Sixteen tables were engaged for the euchre tournament on the last occasion and the prizes were won by Miss D. Gregory and Mr. Bert McSweeney.

After supper provided by the club members, a most enjoyable dance was held.

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MEMBERS of Red Cross and other patriotic societies have long been penalised by the extraordiraily high price of knitting wool, which rendered the making of socks for the men in the trenches a heavy extra drain up on the finances.

At the meeting of the Victorian division of the Red Cross Society on Thursday this matter was referred to by a representative of a country branch, who asked whether the executive could do nothing in the matter.

Wool that could be obtained in 1915 for £6 2s now cost £9 14s, and yet it was essential that wool should be obtained.

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MESSRS Alex Scott & Co. will hold a clearing sale on account of Mr E. R. Ridgers, Balnarring, today (Sat.) at 1 o’clock sharp, when horses, cow, pigs, poultry, and sundries will be offered.

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A FATALITY accompanied by pathetic incidents occurred last night on the Gong Gong road, the victim being John Henry Renouf, residing at Eastwood street.

It appears that Renouf, accompanied by William Tainsh and Thomas Johns,—the three being telegraph and telephone linesmen had been working in the Gong Gong district for a short period on repairs, alterations etc.

On Tuesday night about 5.15 o’clock the three men left the Gong to ride into Ballarat to their homes. Johns and Tainsh were about a quarter of a mile ahead of Renouf when coming past Black Hill along Humffray street and as Renouf’s machine had given him trouble on the way out owing, it is said to a faulty pedal, Tainsh rode back to see if his mate was in difficulties.

He found Renouf leaning against a fence rather dazed, but able to answer questions. He told Tainsh that the fork of his bicycle had snapped and he had been thrown, but was not hurt.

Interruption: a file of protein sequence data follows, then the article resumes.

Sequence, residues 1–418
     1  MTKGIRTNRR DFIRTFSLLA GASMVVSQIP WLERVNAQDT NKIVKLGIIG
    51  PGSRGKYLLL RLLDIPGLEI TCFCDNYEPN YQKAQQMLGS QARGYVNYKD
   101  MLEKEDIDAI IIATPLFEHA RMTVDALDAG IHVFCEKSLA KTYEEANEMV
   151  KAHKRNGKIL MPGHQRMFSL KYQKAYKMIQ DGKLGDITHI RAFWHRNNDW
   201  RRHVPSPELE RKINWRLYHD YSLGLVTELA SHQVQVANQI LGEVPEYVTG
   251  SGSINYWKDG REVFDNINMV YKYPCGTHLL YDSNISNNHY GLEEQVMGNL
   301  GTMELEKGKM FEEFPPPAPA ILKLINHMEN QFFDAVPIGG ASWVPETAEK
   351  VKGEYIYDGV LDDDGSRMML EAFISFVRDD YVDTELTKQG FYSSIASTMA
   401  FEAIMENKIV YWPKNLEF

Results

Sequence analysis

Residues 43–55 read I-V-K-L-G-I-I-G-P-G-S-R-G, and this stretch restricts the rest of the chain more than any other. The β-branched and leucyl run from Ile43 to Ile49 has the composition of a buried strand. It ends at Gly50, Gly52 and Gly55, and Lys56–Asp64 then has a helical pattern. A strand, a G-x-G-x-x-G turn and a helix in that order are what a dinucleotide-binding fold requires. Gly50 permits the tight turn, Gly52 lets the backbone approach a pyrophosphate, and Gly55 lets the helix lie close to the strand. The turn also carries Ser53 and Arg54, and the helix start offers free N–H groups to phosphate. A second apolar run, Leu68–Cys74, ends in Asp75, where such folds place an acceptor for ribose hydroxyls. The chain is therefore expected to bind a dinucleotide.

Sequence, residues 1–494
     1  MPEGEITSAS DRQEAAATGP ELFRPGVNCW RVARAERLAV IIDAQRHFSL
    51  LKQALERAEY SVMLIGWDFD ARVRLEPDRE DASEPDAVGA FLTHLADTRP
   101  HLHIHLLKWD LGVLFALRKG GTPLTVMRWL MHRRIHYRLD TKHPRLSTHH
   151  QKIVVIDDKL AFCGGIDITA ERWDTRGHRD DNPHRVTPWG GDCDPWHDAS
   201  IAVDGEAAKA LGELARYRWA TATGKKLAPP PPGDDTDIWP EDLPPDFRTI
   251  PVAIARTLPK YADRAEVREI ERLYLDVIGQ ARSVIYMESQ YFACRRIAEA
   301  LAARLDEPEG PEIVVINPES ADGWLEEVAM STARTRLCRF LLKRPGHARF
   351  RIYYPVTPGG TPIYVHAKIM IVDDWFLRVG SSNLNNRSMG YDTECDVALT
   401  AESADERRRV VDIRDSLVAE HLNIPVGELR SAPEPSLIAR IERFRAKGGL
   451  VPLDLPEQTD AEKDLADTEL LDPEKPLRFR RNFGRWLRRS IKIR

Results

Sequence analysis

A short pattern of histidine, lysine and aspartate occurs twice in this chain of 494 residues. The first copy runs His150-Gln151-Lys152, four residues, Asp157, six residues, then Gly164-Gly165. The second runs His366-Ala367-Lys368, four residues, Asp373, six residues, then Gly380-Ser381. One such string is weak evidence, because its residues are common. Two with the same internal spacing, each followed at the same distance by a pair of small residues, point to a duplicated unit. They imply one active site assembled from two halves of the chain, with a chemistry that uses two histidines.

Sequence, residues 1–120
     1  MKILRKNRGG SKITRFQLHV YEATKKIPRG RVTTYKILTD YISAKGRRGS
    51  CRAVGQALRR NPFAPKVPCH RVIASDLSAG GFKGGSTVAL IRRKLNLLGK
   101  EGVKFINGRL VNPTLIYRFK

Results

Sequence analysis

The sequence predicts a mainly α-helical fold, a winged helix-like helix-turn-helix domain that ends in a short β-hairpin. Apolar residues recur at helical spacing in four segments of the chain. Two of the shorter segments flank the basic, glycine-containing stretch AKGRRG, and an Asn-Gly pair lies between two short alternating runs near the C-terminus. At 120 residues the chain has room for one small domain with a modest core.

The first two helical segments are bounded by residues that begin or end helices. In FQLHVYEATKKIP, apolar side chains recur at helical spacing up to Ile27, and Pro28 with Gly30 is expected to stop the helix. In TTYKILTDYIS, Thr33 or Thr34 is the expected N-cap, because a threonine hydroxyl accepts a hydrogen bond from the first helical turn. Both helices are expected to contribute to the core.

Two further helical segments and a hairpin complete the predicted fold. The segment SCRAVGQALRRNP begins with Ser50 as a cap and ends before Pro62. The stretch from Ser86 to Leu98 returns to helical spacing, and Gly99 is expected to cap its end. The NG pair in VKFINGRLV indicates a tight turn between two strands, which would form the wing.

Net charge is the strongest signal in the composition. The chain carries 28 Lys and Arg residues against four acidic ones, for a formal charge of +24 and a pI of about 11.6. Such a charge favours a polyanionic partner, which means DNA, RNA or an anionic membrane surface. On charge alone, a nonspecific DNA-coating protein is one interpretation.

A cab came along about this time and the broken bicycle was placed on it and Renouf was driven home, leaving his machine at the shop to be repaired.

Shortly after Renouf reached home he lapsed into unconsciousness. Dr. Soter was sent for, and he advised the man’s removal to the hospital. Mrs Renouf took her husband there, and Dr Sanderson admitted him for treatment.

Renouf however never regained consciousness, and died at 5 o’clock on Wednesday morning.

The cause of death is stated to have been laceration of the brain. The matter was reported to Sergt. Priest, of Ballarat South, and under his direction Const. Stewart made enquiries which elicited the above facts, and laid them before the district coroner, Mr Harris, P M., who, as the hospital authorities had given a certificate, judged an inquest not to be necessary, and issued an order for burial.

The deceased, who was a son of Mr and Mrs F. Renouf, of Frankston, had only been married nine months, and the deepest sympathy is expressed with the young wife, parents and relatives, in their sad and sudden bereavement.

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EVERYTHING points to a successful function at Frankston on Saturday next, when the tree planting ceremony to honor the boys who have enlisted from the district, will take place.

Next week the grading and fencing will be undertaken, and everything should be ready by the time appointed.

The Volunteer Motor Corps are bringing along a large number of returned soldiers, and they will be accompanied by the State Governor.

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From the pages of the Mornington Standard, 6 July 1918

First published in the Frankston Times – 2 July 2018